Checking DNS using host host !you will get the help information host <host address> ! you will get IP address for <hostname> host host host <ip-address> ! you will get name for <ip-address> host host -t <type> <query> ! query for a specific type of records (NS, SOA, MX, A, CNAME, PTR) host -t ns host -t soa host -a <domain> !query for all record of a domain, verbose mode host -a host -a hr. Host -a host -l a <domain> !list all the zone for a domain host -l -a

BIND 8 Highlights: 

BIND 8 Highlights DNS Dynamic Updates (RFC 2136) DNS Change Notification (RFC 1996) Completely new configuration syntax Flexible, categorized logging system IP-address-based access control for queries, zone transfers, and updates that may be specified on a zone-by-zone basis More efficient zone transfers Improved performance for servers with thousands of zones The server no longer forks for outbound zone transfers Many bug fixes


Statements A BIND 8 configuration consists of statements and comments. Statements end with a semicolon. Statements supported: acl defines a named IP address matching list, for access control and other uses include includes a file key specifies key information for use in authentication and authorization logging specifies what the server logs, and where the log messages are sent options controls global server configuration options and sets defaults for other statements server zone

Example Config File: 

Example Config File /* A simple BIND 8 configuration */ options { directory "/var/named"; }; logging { category lame-servers { null; }; category cname { null; }; }; zone ”" in { type master; file "master/"; };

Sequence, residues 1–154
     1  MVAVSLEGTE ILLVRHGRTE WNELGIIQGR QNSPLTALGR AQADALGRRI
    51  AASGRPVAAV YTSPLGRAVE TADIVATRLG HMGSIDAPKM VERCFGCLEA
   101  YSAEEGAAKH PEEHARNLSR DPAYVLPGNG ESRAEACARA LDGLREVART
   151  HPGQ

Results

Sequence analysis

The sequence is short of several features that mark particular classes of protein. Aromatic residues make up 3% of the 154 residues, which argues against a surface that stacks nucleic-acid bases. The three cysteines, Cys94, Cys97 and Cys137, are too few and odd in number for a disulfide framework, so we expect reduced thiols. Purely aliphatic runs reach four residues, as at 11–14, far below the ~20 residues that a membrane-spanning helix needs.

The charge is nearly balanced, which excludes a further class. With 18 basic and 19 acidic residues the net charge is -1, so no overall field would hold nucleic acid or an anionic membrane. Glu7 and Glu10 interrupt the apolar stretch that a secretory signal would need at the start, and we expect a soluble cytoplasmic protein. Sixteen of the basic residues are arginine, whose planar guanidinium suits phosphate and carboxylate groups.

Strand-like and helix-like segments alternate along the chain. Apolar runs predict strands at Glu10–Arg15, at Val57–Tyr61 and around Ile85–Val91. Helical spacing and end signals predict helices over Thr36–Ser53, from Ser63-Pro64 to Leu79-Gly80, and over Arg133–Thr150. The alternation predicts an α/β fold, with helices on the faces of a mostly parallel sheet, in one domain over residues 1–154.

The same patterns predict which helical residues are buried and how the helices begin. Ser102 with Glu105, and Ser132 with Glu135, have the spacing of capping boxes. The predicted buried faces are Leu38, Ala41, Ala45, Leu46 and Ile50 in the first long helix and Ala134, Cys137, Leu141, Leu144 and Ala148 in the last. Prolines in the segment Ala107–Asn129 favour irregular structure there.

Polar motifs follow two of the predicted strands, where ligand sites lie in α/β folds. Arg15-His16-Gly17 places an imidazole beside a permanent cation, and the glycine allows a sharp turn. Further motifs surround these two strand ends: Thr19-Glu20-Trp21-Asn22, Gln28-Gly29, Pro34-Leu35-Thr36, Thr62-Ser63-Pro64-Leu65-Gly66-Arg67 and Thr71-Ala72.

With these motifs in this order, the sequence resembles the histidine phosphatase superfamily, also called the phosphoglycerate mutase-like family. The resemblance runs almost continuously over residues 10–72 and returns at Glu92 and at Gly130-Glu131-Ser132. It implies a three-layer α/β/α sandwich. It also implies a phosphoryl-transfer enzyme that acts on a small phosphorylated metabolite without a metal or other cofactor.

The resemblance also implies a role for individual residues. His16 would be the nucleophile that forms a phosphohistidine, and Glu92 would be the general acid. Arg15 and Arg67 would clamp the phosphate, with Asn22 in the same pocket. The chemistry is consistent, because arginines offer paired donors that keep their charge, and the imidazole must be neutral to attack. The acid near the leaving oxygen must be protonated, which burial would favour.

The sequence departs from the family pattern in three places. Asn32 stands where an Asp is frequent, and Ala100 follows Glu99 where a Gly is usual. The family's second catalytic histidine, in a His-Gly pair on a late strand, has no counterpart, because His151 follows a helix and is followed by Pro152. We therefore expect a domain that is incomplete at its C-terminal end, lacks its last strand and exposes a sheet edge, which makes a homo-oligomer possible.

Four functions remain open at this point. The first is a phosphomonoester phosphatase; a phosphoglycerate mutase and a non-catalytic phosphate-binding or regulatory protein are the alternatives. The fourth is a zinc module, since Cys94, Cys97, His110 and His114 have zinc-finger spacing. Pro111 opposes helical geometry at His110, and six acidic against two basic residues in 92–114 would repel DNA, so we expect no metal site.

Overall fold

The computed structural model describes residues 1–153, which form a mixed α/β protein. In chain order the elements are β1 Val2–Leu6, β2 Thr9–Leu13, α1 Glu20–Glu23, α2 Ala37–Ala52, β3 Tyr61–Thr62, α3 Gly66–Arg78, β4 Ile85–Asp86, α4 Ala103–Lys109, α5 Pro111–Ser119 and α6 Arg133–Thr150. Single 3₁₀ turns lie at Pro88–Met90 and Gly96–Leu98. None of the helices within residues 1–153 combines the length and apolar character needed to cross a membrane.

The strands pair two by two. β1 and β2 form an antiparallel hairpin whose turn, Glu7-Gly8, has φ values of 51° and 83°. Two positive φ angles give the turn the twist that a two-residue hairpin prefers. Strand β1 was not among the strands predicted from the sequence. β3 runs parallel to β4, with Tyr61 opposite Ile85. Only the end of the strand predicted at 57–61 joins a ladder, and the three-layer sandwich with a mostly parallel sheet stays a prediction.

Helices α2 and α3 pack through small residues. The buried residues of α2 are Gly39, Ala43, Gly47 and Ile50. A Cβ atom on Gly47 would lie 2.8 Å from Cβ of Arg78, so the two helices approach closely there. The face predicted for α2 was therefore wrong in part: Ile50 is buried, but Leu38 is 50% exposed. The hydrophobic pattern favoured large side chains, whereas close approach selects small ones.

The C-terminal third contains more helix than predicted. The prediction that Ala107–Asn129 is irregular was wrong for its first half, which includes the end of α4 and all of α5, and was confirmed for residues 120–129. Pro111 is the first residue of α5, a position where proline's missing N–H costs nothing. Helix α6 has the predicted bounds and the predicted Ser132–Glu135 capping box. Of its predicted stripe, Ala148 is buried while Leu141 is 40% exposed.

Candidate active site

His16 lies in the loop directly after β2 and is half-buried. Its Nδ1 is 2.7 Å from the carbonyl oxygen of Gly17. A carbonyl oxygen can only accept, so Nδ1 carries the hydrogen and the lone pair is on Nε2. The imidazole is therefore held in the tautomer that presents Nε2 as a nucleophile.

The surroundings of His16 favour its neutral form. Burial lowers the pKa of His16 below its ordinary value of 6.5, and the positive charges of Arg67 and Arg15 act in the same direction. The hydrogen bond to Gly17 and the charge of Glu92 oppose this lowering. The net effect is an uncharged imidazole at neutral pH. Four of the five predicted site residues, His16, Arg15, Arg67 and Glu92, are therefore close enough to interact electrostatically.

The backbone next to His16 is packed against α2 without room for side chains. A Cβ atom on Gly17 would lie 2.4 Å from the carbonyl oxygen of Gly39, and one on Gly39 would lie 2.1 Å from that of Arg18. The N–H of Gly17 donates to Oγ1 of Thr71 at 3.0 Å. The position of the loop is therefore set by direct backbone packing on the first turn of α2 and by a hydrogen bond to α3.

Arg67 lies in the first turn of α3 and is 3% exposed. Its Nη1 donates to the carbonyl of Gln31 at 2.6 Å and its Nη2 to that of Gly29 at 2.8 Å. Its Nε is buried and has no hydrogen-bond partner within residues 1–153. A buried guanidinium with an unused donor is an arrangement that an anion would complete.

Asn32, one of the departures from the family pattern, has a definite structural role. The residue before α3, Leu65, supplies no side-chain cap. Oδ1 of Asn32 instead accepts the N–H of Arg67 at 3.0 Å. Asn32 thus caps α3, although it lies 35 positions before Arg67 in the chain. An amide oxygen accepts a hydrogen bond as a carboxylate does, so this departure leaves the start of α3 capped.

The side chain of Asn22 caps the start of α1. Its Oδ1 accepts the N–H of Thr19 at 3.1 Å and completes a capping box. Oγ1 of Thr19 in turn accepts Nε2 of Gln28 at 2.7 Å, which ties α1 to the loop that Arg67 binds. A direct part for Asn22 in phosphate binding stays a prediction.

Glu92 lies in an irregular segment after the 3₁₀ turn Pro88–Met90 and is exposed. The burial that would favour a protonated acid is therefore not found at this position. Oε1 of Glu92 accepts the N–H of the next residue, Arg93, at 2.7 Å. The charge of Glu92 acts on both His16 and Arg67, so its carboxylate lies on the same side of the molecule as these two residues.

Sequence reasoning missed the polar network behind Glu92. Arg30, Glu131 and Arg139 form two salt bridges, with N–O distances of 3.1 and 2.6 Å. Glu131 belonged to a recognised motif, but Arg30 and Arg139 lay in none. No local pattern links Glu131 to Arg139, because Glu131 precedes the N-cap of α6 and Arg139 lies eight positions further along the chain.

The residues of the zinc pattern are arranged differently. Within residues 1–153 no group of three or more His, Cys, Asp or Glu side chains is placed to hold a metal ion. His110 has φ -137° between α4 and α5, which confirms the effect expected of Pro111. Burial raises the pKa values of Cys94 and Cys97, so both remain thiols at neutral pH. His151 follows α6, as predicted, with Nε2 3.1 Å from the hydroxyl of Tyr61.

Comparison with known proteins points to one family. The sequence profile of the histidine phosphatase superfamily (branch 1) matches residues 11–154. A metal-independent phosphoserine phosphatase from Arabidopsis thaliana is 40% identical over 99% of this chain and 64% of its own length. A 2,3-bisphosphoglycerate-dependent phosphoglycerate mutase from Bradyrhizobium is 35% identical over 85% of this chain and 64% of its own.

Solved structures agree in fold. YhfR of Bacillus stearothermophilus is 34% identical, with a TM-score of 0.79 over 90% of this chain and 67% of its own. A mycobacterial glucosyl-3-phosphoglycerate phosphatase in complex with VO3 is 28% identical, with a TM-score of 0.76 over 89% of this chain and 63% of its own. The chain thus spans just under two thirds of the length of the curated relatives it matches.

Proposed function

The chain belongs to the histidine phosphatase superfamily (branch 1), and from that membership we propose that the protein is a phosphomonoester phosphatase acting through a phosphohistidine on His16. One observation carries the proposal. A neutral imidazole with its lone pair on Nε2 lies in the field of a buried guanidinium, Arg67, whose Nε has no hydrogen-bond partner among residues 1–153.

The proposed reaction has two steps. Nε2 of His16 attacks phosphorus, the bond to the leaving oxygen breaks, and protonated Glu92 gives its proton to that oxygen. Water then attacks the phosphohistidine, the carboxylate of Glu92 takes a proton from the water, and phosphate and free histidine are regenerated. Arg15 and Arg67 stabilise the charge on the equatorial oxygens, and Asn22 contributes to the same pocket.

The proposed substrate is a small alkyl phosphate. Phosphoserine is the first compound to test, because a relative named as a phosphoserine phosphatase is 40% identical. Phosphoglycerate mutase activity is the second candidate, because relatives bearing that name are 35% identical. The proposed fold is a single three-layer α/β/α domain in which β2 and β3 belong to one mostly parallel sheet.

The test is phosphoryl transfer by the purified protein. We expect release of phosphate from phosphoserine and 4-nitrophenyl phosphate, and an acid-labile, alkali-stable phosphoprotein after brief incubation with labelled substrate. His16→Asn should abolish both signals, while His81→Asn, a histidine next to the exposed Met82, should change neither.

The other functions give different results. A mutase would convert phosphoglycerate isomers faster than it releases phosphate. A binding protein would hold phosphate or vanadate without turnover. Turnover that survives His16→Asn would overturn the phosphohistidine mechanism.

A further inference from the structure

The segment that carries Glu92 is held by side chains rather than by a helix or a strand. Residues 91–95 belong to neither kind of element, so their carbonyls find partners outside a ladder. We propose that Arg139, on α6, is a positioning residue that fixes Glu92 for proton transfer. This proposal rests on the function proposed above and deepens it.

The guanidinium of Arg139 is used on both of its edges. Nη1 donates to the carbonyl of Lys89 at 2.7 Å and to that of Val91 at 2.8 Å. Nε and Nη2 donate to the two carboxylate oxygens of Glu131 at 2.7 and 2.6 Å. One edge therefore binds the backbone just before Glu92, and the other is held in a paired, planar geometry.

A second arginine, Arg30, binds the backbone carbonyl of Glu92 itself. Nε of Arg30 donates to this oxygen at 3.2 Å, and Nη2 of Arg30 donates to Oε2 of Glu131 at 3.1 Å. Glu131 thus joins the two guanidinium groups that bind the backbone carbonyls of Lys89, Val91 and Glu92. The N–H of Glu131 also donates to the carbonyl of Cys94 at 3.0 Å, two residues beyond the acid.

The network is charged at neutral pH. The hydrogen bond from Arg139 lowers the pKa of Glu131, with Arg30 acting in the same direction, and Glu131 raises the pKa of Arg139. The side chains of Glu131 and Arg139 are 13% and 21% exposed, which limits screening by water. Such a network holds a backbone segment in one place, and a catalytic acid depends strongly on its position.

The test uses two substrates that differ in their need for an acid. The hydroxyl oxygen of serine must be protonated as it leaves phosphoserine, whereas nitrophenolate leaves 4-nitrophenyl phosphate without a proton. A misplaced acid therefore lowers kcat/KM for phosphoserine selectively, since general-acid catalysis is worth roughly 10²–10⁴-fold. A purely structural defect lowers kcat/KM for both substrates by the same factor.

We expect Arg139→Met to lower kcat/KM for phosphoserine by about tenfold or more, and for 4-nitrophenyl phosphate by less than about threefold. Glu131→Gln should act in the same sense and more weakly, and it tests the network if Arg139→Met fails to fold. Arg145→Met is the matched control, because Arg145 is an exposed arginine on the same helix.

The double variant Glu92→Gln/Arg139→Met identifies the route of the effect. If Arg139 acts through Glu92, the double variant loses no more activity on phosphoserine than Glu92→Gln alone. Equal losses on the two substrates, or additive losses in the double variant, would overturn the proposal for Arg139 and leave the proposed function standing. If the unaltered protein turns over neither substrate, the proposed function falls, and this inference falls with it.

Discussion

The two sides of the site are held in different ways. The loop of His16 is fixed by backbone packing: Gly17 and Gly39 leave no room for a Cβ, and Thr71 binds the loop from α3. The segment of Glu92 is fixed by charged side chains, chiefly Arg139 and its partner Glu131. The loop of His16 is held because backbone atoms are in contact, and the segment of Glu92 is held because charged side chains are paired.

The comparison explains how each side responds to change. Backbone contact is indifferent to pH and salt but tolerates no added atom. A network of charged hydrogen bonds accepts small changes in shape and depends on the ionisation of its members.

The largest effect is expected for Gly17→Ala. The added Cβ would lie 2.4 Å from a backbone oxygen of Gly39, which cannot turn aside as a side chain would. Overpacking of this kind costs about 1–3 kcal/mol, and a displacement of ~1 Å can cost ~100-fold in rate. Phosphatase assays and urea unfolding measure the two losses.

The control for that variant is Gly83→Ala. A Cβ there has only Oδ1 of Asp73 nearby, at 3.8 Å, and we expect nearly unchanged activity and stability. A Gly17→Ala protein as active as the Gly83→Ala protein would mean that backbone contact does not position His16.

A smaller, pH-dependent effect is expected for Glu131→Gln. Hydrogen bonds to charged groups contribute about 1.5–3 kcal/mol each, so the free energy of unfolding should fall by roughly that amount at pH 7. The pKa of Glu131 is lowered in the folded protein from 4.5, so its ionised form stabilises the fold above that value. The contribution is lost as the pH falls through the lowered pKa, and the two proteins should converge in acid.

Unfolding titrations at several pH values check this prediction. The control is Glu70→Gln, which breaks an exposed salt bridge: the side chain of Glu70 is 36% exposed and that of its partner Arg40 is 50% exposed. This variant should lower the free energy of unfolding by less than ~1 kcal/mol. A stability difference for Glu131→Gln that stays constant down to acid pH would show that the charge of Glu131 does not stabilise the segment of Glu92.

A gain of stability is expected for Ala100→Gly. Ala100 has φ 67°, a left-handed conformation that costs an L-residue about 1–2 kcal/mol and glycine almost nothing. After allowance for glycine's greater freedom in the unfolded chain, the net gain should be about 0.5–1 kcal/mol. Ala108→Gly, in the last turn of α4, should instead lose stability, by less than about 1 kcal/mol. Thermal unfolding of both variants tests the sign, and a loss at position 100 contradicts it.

Example Config File (cont.): 

Example Config File (cont.) zone ”" in { type slave; file "slave/"; masters {; }; }; zone "." in { type hint; file "named.cache"; }; zone "" in { type master; file "master/127.0.0"; };


REFERENCES Christian Huitema, Routing in the Internet, Prentice Hall, ISBN 013-132192-7, 1996 Kevin Dowd, “Getting Connected, Internet at 56K and Up”, O’Reilly & Associates, Inc., Bonn, 1996 Booktexts of Network Technology Workshop, National Network Management Track, Honolulu, June 1995 Craig Hunt, “TCP/IP Network Administration, O’Reilly & Associates, Inc., Sebastopol, 1993 Internetworking Technology Overview, Cisco Systems, Inc., 1993 Booktexts of the 4th Network Seminar and Intensive Course for Scientists and Network Managers from Central Europe, Feb. 1993, Vienna University Computer Center E. Comer, “Internetworking with TCP/IP”, Vol I, Principles, Protocols and Architecture, Prentice Hall, Englewood Cliffs, New Jersey, 1991. William Stallings, Data and Computer Communications, Macmillan Publishing Company, New York, 1985.